Card racked by penalty problems: Heading into halftime, Stanford has five penalties for 40 yards, and that doesn’t include what looked like an obvious pass-interference penalty that wasn’t called by the refs. A couple of those penalties have been really damaging. The first was a holding call on Ryan Hewitt early in the quarter that set Stanford up with a first-and-20 at its own 28-yard line; the Card couldn’t recover that distance and was forced to punt. The second was a delay of game penalty when Stanford had the ball on USC’s 10-yard line. Luck missed his next two passes and the Card were forced to settle for a field goal.
Run/pass balance, or lack thereof: Stanford and USC seem to be following markedly different offensive philosophies. Stanford has shown a balance attack, with 14 passes and 16 runs. By contrast, USC quarterback Matt Barkley has thrown the ball 25 times and has only handed it off seven times. It appears that the Trojans have already given up on overcoming Stanford’s formidable run defense and are concentrating instead on attacking its more suspect secondary, still missing Delano Howell. The Cardinal is sticking to its philosophy of balance, but given that it hasn’t yielded a ton of success, it may make adjustments at halftime.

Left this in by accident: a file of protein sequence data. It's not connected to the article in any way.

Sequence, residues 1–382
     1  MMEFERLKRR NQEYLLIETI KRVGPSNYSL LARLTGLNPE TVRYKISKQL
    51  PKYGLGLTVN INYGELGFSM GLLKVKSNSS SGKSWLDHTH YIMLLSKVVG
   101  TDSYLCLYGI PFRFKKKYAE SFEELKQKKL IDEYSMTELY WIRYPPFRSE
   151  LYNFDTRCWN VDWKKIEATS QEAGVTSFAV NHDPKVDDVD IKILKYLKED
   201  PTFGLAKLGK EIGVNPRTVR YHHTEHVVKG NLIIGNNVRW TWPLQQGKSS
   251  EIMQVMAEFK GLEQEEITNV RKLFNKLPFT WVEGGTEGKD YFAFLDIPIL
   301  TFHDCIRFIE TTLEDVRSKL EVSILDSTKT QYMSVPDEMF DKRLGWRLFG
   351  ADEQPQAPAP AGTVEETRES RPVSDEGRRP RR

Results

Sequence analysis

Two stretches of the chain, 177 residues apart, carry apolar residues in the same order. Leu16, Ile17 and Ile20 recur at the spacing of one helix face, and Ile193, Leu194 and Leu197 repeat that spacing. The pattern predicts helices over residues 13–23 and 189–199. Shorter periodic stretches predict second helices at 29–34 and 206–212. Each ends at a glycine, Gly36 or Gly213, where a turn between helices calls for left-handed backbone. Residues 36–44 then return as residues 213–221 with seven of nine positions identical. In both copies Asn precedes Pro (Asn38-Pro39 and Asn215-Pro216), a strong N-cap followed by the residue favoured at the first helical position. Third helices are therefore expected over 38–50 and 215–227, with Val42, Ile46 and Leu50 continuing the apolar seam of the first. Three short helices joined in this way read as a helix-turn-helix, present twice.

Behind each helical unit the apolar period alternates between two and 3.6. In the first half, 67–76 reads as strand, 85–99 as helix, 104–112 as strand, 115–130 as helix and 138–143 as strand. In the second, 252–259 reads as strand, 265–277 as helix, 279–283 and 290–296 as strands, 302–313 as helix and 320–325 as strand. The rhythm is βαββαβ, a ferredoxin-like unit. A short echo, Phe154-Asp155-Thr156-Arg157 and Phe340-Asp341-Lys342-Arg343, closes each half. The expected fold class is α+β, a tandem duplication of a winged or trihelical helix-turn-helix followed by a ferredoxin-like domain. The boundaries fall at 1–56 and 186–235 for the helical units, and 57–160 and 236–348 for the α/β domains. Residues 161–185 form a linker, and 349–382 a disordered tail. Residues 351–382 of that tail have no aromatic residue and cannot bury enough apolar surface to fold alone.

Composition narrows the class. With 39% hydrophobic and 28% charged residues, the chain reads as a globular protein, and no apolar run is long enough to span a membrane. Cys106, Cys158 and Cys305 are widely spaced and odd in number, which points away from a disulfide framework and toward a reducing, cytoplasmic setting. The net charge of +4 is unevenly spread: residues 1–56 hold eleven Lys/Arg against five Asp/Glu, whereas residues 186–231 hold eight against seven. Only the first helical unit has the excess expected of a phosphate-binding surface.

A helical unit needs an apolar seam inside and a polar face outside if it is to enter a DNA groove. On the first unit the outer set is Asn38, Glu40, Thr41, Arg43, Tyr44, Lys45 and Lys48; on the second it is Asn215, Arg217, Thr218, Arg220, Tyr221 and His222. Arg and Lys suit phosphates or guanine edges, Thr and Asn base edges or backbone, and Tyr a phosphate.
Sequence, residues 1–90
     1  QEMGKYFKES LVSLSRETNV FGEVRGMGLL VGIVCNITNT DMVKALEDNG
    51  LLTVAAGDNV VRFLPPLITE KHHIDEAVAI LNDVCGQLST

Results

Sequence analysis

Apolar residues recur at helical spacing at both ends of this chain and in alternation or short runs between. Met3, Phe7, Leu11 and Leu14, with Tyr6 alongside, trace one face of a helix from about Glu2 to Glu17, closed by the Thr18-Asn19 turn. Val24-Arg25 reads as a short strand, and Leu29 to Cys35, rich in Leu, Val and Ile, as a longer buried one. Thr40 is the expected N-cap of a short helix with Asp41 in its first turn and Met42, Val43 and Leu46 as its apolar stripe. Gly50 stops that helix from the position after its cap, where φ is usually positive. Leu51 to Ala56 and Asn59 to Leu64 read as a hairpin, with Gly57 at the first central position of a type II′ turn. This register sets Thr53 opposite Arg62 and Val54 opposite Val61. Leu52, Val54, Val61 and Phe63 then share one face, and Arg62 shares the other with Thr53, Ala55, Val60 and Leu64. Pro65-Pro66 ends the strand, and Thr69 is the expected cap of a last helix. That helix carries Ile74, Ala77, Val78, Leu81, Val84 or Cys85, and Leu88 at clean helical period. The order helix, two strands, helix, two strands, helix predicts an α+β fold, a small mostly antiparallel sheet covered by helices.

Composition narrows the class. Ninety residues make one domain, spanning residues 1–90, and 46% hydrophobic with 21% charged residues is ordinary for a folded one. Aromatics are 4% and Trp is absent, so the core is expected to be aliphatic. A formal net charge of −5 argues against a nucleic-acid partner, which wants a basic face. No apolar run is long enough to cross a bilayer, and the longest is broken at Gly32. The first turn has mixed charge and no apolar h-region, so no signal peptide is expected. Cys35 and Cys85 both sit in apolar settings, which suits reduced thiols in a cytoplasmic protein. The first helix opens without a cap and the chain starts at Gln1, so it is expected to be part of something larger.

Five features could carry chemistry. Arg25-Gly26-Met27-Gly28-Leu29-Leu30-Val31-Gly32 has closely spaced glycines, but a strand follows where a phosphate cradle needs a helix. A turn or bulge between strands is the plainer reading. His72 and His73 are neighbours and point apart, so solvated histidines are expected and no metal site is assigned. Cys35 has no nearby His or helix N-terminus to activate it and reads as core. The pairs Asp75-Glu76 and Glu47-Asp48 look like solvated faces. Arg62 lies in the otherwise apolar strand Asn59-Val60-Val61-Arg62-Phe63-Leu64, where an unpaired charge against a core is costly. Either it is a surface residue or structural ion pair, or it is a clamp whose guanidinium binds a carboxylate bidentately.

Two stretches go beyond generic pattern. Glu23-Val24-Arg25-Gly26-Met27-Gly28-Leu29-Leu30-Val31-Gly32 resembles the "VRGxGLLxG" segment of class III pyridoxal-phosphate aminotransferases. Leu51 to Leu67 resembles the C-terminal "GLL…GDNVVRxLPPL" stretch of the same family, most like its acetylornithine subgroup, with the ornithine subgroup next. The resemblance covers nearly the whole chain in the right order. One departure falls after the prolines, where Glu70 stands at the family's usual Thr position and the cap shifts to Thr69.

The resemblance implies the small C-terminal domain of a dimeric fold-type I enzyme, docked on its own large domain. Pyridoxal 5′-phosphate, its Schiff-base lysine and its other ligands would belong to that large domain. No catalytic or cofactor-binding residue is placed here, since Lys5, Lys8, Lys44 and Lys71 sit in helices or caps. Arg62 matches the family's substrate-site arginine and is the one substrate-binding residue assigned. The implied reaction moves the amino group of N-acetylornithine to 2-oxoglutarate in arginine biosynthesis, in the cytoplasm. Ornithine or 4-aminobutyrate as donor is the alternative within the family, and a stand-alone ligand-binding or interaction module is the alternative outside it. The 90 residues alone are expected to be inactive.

Robert Woods burning Stanford: Stanford’s secondary has been repeatedly torched by star Trojan wideout Robert Woods. Woods has four receptions for 30 yards; the only reason he doesn’t have a lot more is because of a couple of dropped passes and overthrown balls that could have gone for huge gains. The Cardinal will need to come up with a better plan to contain him in the second half. However, double-teaming him might be off the table, as USC has another explosive playmaker at wideout in true freshman Marqise Lee.
Second-half positioning: The Trojans will get the ball to start the second half and an immediate chance to take the lead. The Cardinal will need to keep up its stout defensive play to maintain its slim four-point edge.
End of third quarter: Stanford 24, USC 20
USC came out of the locker room at halftime and absolutely dominated the early part of the quarter, scoring on two quick touchdown strikes to go up 20-10, putting Stanford in a deficit for the first time this season. The Cardinal came back for a touchdown to narrow the hole to three points, and so it remains anyone’s game heading into the final frame.
Play of the quarter: USC started the second half with the ball, looking to quickly take their first lead of the evening. The Trojans did just that, courtesy of a huge 61-yard run from Curtis McNeal on their third play of the quarter. McNeal got through the first level of the defense and hit the edge, outrunning the remaining Stanford defenders in a footrace to the end zone. The score put USC up 13-10 and electrified the Trojan sideline and the Coliseum crowd.